It does seem odd to write so frequently about what is really a health topic — the COVID19 pandemic — in a column entitled Educationally Speaking. Yet it’s also a health topic that has been tearing at the heart of the educational status quo in the country since March of 2020 and one which may very well leave American schools irrevocably changed.
But why is that? The Spanish flu didn’t alter the course of American education. Polio, a particularly nasty killer and disabler of young people, left my mother and grandmother aghast with fear for their little ones but their little ones still headed off to school. When I was a kid, our neighborhood, Hilltop, held chicken pox parties not to protect or immunize against that childhood disease but introduce everybody to a current carrier so that we could all get it over with at once.
So, what’s changed? Why is COVID both a national crisis and a cultural dividing line?
The more I listen to people on this issue and all of the related issues — masks, distancing, vaccinations, etc. — the more I have concluded that this disease has struck not just at our health but at our soul, at two, deep-seated, American values: progress and resilience.
That Americans believe in progress can be found in the second motto on the nation’s Great Seal, novus ordo seclorum, i.e. a new order of the ages. The American Revolution didn’t just upend British rule, it established a ‘new American era.’ And with it, a new man, a new person, an American. The American did not accept what was, just because it had always been, which seemed to be the reality of the enormous European underclasses. As I say that, please understand that I do acknowledge that the Renaissance and the Enlightenment came from Europe. But in our national mythology, that rising of the human creature on its own two feet and to its full stature was only truly fully realized by this new creation, this American. It was the America vision, the American Exceptionalism that postulated, that knew, that nothing stood in our way, that anything was possible.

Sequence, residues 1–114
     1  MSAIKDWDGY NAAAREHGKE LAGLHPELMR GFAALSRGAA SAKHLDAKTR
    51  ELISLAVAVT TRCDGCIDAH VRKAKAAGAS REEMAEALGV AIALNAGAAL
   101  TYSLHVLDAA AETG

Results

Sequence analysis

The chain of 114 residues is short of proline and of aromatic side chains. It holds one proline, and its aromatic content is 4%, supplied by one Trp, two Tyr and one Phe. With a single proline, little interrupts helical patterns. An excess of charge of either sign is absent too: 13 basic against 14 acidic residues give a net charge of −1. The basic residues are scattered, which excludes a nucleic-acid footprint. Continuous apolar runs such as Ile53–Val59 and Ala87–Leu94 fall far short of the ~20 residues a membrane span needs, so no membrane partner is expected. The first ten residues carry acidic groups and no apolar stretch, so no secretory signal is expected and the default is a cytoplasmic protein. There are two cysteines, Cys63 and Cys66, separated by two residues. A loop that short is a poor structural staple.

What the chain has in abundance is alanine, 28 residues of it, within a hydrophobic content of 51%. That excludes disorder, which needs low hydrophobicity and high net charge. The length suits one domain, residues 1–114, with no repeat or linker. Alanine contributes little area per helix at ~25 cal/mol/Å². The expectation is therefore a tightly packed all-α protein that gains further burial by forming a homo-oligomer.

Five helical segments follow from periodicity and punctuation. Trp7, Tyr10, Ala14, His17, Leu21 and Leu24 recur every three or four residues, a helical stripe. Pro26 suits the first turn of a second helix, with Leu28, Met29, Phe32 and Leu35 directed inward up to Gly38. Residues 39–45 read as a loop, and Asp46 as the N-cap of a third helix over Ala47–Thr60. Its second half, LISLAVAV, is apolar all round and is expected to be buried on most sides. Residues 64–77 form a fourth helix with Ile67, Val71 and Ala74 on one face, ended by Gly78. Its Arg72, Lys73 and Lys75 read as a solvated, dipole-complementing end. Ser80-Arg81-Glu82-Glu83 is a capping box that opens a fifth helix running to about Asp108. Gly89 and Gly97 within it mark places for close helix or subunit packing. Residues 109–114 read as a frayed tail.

Between now and then, the scientific advances of the West, of which America is such an integral part and arguably in the pole position, have demonstrated just that. Anything was possible. Small pox was eradicated from the face of the Earth. Polio driven back to far-flung, even exotic frontiers. Malaria sufficiently rare that American doctors, two decades after WWII ended, could be forgiven for scratching their heads when a veteran/patient appeared before them with latent symptoms. The chicken pox vaccination is now required for school attendance.
Our American sense of progress does not, will not, accept a pandemic because, I suspect, we all kind of thought we were past that kind of nonsense. And we are not willing to return to accepting such a disease, not willing to accept that our progress does not always go one way. No ebb, all flow.
The other conflicting American trait, and one that has run headlong into that of progress, is resilience. We do not flinch in the face of hardship or a conflict. If we did, we’d still be under British rule and, even had we managed to escape that, we’d be 13 small states clinging to an Atlantic shoreline for fear of the wilderness, of the Appalachians, of the rugged realities of life on the frontier. Or we’d be a nation divided and half a nation enslaved, having let South Carolina and her Confederate sisters peel off rather than sacrifice 600,000 of our finest on the altar of freedom. If medical science and know-how can’t beat the pandemic, a matter still under debate, then stare it down and growl ‘do yer worst’ in its face. As more skillfully put by our 35th president, “Let every nation know…that we shall pay any price, bear any burden, meet any hardship, support any friend, oppose any foe, in order to assure the success of liberty.”
So why has the pandemic so divided us? Perhaps because it has split us, like a freakish national schizophrenia, between two of our most fundamental national traits.
And two of our most admirable.